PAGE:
Sunday, February 1, 2015

"The proof of the pudding

is in the eating.”    
                                    Miguel de Cervantes,   Don Quixote de la Mancha

Across America today the Super Bowl is the entertainment focal point in the neighborhood.  It is the second biggest day for food consumption in the U.S. - first is Thanksgiving.  An average of 5000 hot dogs are sold in the stadium, and, across the country, 1.23 billion chicken wings are eaten (a lot of chickens sacrificed their lives!).  50 million cases of beer are sold to go with 8 million pounds of guacamole and 14,500 tons of taco chips and 4000 tons of popcorn.  4 million pizzas are ordered, 14 billion hamburgers, 11 million pounds of potato chips, 4 million pounds of pretzels, and a mere 2.5 million pounds of nuts consumed.

Now that you are stuffed just reading those numbers, consider a dessert dish from the early 20th century when we did not eat huge portions of food, even snacking - which has replaced regular meals for many even - was not a common activity.  These small custard dishes which hold 1/2 cup illustrate the change in portion size.  Anyone going to be satisfied with one of these for dessert?  Snack size, right?  These are Glasbake custards.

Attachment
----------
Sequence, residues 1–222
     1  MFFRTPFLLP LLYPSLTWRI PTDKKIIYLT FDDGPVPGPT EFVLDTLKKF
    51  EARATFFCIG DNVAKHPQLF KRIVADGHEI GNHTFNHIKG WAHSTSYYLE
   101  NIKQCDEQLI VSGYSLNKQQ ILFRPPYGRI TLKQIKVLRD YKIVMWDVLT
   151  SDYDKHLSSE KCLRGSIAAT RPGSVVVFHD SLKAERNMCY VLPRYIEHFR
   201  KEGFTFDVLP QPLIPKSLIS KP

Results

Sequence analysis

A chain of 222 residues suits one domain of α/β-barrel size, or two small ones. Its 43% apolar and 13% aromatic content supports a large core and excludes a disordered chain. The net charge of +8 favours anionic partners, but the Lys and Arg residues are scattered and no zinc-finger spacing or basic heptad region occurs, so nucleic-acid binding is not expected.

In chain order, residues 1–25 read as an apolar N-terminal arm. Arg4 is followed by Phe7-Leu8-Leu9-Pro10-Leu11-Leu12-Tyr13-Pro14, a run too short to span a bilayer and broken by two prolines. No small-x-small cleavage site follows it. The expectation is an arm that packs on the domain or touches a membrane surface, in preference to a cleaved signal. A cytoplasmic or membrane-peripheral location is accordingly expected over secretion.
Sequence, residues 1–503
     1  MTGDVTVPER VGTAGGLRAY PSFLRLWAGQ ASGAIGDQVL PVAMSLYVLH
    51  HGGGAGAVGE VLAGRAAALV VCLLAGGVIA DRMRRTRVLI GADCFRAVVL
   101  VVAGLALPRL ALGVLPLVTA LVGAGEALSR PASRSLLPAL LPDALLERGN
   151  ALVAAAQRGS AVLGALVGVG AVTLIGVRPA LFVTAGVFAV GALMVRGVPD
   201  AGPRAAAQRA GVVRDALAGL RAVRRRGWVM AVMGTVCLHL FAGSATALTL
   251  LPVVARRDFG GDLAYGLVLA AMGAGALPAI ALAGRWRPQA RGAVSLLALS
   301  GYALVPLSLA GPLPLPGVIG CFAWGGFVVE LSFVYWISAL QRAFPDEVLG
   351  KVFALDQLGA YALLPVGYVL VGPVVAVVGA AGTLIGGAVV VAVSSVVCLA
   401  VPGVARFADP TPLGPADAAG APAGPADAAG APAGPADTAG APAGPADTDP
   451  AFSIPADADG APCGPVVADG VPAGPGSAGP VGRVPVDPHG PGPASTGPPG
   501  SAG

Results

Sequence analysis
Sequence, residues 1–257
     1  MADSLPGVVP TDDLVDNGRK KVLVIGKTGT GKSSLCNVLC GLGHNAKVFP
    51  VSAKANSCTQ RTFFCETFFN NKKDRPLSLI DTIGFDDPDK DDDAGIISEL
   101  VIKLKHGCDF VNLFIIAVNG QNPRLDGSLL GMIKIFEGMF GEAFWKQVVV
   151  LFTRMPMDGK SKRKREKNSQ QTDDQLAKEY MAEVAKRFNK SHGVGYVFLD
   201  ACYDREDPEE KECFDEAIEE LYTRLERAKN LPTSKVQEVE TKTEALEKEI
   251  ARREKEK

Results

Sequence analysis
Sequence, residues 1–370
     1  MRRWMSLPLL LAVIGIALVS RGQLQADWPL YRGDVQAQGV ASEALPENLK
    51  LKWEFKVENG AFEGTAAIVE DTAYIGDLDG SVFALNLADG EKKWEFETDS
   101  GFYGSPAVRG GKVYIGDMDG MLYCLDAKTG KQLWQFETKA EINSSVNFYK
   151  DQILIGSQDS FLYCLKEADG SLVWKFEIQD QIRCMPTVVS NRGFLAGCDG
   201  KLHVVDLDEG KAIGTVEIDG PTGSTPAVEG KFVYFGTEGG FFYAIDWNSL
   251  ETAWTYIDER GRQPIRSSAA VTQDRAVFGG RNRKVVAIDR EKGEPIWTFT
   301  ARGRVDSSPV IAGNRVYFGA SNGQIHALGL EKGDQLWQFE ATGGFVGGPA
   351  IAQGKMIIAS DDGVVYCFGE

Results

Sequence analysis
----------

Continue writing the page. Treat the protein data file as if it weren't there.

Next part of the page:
"Glassbake" was originally referred to as "Glasbak Ware" An early product brochure advertises "Glasbak" as "A Sanitary Baking Ware and Serving Ware Combined" which is made of glass.

In 1917 the McKee Glass Company introduced "Glasbake Ovenware" to compete with Pyrex ovenware which was made by Corning Glass Works.

Glasbak was the original spelling for McKee's ovenware, but was changed to Glasbake in 1951-1961.  McKee was sold to Jeannette Glass, and they produced the line from 1961-1983.
The beauty of "Glasbake" was that it was designed to be able to be used for cooking, serving and storing. More and more, returning to the use of glass in today's kitchen is becoming popular on environmentally conscious homeowners.
Glasbake made by Jeanette after 1961 usually have a J prefix followed by a number...the photo above shows the pre-Jeannette glass mark and below is the Jeannette mark.

I also have some Hazel Atlas custards that are similar in style.  When I looked at the photos, I thought they resembled candle votive holders!  Have to think about how an early 20th century dessert cup as morphed into a candle holder!

But as Erma Bombeck wrote, "Seize the moment. Remember all those women on the Titanic who waved off the dessert cart." 

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